PR hasn’t changed since I first started working in it in 1993. It’s all about finding the ‘hook’. If there isn’t a hook, there isn’t a story and your press release will end up in the bin. Aside from that, it’s about building relationships with journalists and finding the right journalists for the right story. Although I do rely on a paid-for database, I do pick up the phone and call the key journalists. At the moment I’m setting up select face-to-face meetings with one of my clients and a handful of key media contacts just to introduce them.
In your opinion, what are the main challenges facing PR today?
Where to begin! I may not be popular for saying this, but I think it is now more difficult than ever to actually get to speak to anyone. There are just too many communication channels and it seems that nobody has any time for a proper chat. It’s always, ‘put it in an email’ that inevitably gets lost in a sea of other emails and then you have to ring again and start the whole process over; I find it infuriating. There was a time when journalists had time for a lunch where I might be able to sell in one or more stories. That just doesn’t happen anymore.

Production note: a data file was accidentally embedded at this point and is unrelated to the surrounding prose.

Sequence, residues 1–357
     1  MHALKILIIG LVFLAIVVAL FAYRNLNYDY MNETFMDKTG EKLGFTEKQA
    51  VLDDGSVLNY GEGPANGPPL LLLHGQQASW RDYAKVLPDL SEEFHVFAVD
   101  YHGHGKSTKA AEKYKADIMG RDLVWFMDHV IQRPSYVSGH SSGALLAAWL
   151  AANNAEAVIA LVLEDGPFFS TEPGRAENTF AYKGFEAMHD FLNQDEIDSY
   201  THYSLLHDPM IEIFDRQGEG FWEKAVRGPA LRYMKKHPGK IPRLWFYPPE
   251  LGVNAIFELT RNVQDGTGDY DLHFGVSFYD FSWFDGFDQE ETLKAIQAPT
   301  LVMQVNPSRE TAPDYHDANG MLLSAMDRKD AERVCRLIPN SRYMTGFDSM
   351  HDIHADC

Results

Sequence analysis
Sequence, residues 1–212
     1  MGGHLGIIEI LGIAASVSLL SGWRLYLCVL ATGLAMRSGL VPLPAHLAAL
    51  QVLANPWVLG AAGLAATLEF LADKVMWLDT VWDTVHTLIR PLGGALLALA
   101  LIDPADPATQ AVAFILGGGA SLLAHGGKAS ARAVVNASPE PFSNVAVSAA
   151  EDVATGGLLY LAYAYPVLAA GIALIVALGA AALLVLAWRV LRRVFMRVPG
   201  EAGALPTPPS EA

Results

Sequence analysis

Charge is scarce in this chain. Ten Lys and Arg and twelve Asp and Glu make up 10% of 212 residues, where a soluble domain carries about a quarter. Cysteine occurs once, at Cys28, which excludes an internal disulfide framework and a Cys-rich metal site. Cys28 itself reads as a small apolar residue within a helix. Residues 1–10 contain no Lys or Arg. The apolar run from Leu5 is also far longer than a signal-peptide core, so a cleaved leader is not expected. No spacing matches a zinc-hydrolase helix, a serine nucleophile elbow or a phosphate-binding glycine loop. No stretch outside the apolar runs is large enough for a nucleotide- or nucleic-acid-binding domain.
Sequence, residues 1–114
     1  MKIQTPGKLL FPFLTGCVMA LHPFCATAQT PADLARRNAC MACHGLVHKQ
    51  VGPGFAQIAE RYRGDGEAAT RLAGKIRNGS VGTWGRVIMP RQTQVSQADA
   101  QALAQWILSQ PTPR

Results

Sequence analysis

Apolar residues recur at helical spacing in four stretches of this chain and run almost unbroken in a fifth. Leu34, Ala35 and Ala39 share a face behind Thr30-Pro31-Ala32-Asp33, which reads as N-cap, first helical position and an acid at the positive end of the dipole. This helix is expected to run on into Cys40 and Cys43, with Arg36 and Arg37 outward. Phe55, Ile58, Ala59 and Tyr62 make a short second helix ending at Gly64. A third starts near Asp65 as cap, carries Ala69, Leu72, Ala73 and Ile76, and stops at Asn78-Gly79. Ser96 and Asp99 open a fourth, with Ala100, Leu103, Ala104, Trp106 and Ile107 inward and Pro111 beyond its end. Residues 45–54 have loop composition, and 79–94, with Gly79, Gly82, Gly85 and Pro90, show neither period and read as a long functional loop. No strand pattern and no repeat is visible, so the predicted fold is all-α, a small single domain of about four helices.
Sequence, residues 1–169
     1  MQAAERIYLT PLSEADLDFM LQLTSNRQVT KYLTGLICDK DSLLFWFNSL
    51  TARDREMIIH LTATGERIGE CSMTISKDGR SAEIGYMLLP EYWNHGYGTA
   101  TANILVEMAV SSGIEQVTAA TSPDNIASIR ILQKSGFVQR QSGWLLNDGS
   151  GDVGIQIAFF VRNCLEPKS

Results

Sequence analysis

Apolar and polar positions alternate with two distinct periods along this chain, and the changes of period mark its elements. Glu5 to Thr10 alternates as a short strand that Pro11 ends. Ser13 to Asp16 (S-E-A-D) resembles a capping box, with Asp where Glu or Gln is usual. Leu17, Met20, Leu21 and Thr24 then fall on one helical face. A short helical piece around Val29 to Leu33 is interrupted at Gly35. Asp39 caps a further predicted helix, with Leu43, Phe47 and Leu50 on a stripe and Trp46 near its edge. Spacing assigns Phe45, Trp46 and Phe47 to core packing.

Can you list some of your most well-known, or respected clients?
I’ve been LazyTown’s PR and marketing director for six years now. It’s an exciting job that is constantly evolving. I work on an international level so I deal with my colleagues in the U.S. and Latin America. Aside from that I’m currently working for Harper Collins on a new imprint of erotica and erotic romance eBooks and for Hooplo, an independent UK social gaming company. I’m helping National Youth Week with bringing on board agencies and brands that want to reach 16-25 year olds. On a contra deal I work for Sian Toal, a European Fitness Model Champion and celebrity personal trainer. She works me out and I do her publicity. It’s a win-win deal!